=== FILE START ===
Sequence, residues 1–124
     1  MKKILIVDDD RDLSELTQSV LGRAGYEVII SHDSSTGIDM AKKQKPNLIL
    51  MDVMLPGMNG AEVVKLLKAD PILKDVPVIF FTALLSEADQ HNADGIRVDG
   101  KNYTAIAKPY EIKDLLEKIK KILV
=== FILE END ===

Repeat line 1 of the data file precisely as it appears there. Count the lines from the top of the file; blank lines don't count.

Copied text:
Sequence, residues 1–124